Anal Pain

Anal pain can be experienced before, during or after a bowel movement and can vary in severity from a mild ache that can progress over time to pain so significant that you are not able to perform your daily activities. It has a variety of causes, most of which are common and benign. However, anal pain that does not resolve within a 24-48 hour window should be evaluated by a physician. The symptoms of anal pain and fever may require seeing a physician more urgently than pain alone.

What are the most common causes of anal pain?

1. Thrombosed External Hemorrhoid

A thrombosed external hemorrhoid is a blood clot of the small blood-filled sacs on the outside of your anus (hemorrhoid tissue). This often comes with sudden onset of a painful anal mass that may worsen over the first 48 hours, but subsides gradually over the next few days. You may notice bleeding as well, if the overlying skin opens. Treatment involves either removing the thrombosed hemorrhoid or conservative management, including warm tub baths (sitz baths) for comfort, pain medications, and stool softeners. Removal is typically a short, well-tolerated procedure that can be done in the office or in the emergency room under local anesthesia. It is most often done if you see your doctor in the first couple of days after symptoms begin.

2. Anal Fissure

An anal fissure (fissure-in-ano) is a small, oval shaped tear in skin at the opening of the anus. Fissures typically cause severe pain and bleeding with bowel movements. Fissures are quite common in the general population, but are often confused with other causes of pain and bleeding, such as hemorrhoids. The most common treatment for an acute anal fissure consists of making the stool more formed and bulky with a diet high in fiber, topical anesthetics for pain, and taking warm sitz baths for 10-20 minutes several times a day (especially after bowel movements). The baths are soothing and promote relaxation of the anal muscles, which may help the healing process. Occasionally, a chronic fissure may require surgery.

3. Abscess and Fistula

An anal abscess is an infected cavity filled with pus found near the anus or rectum. An anal fistula (also commonly called fistula-in-ano) is the tunnel that forms under the skin and connects the clogged, infected glands to the abscess. Under most circumstances, the treatment of an abscess is surgical drainage. Surgery is most often necessary to cure an anal fistula. Although surgery can be fairly straightforward, it may also be complicated, occasionally requiring staged or multiple procedures.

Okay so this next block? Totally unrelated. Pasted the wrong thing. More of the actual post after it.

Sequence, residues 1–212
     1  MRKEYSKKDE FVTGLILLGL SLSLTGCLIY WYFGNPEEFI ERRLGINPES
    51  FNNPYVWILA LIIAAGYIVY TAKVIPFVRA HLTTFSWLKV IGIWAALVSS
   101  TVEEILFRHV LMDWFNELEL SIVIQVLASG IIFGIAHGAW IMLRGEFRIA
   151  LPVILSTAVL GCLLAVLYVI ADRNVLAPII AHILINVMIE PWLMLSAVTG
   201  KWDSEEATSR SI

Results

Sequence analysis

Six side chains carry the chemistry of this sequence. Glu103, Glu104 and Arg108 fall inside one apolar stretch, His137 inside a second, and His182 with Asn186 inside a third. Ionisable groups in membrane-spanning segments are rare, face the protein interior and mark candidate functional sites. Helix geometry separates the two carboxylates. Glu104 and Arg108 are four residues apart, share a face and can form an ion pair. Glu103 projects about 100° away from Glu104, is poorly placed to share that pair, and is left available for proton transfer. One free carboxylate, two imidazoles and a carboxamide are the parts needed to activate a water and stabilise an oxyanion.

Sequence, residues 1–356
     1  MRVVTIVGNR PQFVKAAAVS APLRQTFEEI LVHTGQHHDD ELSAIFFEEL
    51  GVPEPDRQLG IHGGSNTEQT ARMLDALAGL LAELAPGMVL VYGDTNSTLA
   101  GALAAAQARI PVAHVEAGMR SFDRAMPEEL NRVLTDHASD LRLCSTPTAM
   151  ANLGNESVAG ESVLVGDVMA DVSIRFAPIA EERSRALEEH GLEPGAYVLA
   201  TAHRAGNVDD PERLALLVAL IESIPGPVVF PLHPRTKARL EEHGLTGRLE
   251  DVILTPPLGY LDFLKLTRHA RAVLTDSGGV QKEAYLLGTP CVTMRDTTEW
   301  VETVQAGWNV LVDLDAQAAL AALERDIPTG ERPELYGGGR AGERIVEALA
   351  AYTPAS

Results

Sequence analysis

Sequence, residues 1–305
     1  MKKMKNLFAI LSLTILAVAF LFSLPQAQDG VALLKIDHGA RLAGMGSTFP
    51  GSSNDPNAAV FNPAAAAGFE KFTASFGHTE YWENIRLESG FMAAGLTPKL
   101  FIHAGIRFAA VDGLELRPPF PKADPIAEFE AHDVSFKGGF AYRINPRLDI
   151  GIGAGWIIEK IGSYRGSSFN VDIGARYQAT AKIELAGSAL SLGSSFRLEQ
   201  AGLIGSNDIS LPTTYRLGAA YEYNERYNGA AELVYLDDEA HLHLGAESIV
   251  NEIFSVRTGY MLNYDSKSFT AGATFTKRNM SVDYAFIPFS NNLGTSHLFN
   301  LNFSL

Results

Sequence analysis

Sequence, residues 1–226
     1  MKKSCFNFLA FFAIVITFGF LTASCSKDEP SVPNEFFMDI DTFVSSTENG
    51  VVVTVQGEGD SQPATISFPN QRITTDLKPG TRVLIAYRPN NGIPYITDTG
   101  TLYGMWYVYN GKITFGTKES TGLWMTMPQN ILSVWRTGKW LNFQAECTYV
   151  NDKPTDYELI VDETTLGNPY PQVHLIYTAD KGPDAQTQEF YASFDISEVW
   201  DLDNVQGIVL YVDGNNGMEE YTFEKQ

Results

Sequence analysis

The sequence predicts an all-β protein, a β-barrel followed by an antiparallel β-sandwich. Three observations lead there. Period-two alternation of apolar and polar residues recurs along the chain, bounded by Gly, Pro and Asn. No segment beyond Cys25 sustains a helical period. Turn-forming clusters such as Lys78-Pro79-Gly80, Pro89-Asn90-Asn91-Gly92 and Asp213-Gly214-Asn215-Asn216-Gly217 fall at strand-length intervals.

4. Fungal Infection or Sexually

Transmitted Diseases Patients with a fungal infection or one resulting from sexually transmitted disease may have prolonged symptoms of mild to severe anal or perianal pain, not necessarily associated with bowel movements. Sexually transmitted diseases can include gonorrhea, chlamydia, herpes, syphilis, etc. Patients may complain of mild anal bleeding, infected looking discharge, and itching. Treatment typically includes appropriate antibiotics or antifungals, either topically or by mouth.

5. Dermatologic Conditions

Skin disorders occurring in other parts of the body (i.e., psoriasis, warts) may occur in skin surrounding the anus as well. You may have anal itching and bleeding, in addition to pain that may come and go. The key is early diagnosis that allows the appropriate therapy to begin. In some cases, a skin biopsy is needed. Treatment depends on the evaluation of the skin biopsy and/or clinical diagnosis.

6. Cancer

While most cases of anal pain are benign, tumors can cause progressive pain over time, bleeding, a mass, and often changes in bowel habits. Any pain or anal bleeding that does not resolve and gets progressively worse needs to be evaluated by a physician. Treatment of anal cancer or other anal tumors may involve chemotherapy, radiation and/or surgery. On the first examination, the physician will do a thorough physical exam that will include anoscopy (exam of the anal canal with a special lighted scope) and biopsy of the mass. If you are in too much pain to be examined in the office, your surgeon may need to take you to the operating room. Giving you anesthesia will allow a proper examination to rule out cancer.

When should I seek help from my medical provider?

Pain that is recurrent or persistent, or when you can feel a painful, bleeding mass which has progressed over time needs to be evaluated by a physician.

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